Case study Report (Pg. 342) - Tung Nguyen.doc - Business...

This preview shows page 1 - 3 out of 3 pages.

Business and Society (MGMT 423)Tung Nguyen05/01/2018CASE STUDY:GOOD AND EVIL IN THE RAIL1.Introduction a.Describe the name of the company and its main activities (10 lines maximum). Robert M Sanchez: Greyhound bus driver, Amtrak engineer, Metrolink engineer.Metrolink: Commuter rail system crossing six Southern Calilfornia countiesCarries about 40,000 passengers a dayOver 380 miles of trackTracks shared with freight trafficSanchez’s history at Metrolink:5 informal discipline letters for absences2 oral councils for the use of his cell phone while on duly2008, a man ran in-front of Roberts train and killed himselfFriday, September 12, 2008Describing how the accident happenedThe investigation (NTSB – National Transportation Safety Board)Cause of the collision was engineer inattentionTexting was cited as the source of distractionb.Summarize the main issues mentioned in the case (1-1 ½ pages maximum). When groups present the case, they assume that all students in the class have already read the case. That is a wrong assumption. Hence the presenting group needs to give a summary of the case especially the points that are relevant to the questions asked.Case study is about the government involving and trying to regulate business specifically in the railroad industry. The case describes an example of railroad accident of Metrolink resulting in which 24 passengers died and over 100 people were injured in southern California. The cause of this accident was an act that is against regulations of an engineer of Metrolink named Robert M Sanchez about texting from the cab while on duty as operating the train. After the accident happened, the U.S. Congress passed a comprehensive law for preventing incident in the future which resulting in billions of dollars of cost to railroad companies. The most expensive part of the law required positive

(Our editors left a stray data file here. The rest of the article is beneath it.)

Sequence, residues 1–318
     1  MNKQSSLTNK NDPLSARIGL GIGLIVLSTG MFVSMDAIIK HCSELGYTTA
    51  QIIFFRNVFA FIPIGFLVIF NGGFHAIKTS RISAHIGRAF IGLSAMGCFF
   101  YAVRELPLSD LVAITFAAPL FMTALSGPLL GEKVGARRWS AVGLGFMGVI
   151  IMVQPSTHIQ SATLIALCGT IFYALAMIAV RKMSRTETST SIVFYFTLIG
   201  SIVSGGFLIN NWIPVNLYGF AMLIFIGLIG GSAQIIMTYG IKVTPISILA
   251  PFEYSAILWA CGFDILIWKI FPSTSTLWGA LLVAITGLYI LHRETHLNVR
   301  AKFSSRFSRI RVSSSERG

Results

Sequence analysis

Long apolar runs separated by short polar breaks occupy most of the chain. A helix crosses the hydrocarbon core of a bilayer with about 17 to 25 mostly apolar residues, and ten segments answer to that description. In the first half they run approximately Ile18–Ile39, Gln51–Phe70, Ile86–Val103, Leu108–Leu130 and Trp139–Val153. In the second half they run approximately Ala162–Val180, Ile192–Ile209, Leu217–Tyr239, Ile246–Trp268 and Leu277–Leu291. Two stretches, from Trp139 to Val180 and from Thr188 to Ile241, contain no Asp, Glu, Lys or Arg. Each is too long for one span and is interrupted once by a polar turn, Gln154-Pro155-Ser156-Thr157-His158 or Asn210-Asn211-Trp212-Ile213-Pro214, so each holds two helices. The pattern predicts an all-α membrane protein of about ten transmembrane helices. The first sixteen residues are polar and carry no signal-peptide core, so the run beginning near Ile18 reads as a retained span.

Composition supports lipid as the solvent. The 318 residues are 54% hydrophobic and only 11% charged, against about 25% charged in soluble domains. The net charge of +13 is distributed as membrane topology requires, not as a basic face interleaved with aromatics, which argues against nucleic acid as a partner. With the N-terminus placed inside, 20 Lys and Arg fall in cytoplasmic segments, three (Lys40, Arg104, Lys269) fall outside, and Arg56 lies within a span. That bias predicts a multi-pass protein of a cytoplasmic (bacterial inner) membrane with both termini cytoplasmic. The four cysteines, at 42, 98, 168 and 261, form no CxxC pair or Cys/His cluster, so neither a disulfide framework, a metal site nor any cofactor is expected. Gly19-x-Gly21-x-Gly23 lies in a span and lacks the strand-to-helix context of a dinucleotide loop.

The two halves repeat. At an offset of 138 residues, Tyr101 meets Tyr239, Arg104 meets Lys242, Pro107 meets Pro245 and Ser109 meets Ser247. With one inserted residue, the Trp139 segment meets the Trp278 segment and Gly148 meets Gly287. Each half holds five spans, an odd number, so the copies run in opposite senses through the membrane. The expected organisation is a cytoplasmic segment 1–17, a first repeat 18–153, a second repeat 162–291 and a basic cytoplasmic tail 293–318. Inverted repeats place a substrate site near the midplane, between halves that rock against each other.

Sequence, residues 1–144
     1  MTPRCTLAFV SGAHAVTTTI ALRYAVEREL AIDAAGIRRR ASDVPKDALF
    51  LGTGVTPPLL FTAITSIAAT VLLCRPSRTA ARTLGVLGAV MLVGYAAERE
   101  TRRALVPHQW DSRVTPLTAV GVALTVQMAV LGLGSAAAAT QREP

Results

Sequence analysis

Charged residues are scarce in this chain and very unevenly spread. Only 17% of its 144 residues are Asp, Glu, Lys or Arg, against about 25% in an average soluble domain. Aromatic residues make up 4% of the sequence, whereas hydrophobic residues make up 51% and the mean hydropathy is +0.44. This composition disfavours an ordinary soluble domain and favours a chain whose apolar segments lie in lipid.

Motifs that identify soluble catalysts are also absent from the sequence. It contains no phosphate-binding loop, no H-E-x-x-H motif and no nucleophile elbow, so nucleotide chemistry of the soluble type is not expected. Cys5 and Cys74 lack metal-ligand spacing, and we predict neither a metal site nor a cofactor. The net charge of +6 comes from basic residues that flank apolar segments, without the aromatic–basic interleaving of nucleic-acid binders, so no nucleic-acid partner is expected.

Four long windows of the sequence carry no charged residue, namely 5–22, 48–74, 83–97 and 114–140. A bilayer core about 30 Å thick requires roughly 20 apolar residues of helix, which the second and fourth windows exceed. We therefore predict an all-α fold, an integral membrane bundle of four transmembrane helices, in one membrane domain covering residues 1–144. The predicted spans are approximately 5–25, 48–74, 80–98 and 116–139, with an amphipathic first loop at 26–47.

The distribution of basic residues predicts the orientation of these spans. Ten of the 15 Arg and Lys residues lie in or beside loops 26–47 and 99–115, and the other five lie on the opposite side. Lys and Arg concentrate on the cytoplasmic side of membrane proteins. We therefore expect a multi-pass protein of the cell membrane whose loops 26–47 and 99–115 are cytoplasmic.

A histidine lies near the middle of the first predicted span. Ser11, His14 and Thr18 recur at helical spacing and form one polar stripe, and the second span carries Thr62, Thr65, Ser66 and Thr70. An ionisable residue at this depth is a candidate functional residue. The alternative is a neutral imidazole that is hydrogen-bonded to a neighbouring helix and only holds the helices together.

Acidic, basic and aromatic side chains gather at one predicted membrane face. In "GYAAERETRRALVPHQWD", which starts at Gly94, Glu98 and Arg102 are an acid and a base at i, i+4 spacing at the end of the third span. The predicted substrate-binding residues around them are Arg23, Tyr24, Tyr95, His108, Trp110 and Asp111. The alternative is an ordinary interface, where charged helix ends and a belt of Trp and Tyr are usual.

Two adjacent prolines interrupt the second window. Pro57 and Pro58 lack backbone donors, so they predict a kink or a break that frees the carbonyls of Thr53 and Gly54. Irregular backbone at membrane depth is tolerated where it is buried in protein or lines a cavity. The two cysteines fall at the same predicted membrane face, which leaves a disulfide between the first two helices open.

train control costs “between $9.6 billion and $13.3 billion over 20 years” which is allowing remote operators to take control of a train if necessary. And the benefit-cost calculations performed by the Federal Railroad Administration (FRA) were just “$440 million to $674 million over 20 years”.

  • Left Quote Icon

    Student Picture

  • Left Quote Icon

    Student Picture

  • Left Quote Icon

    Student Picture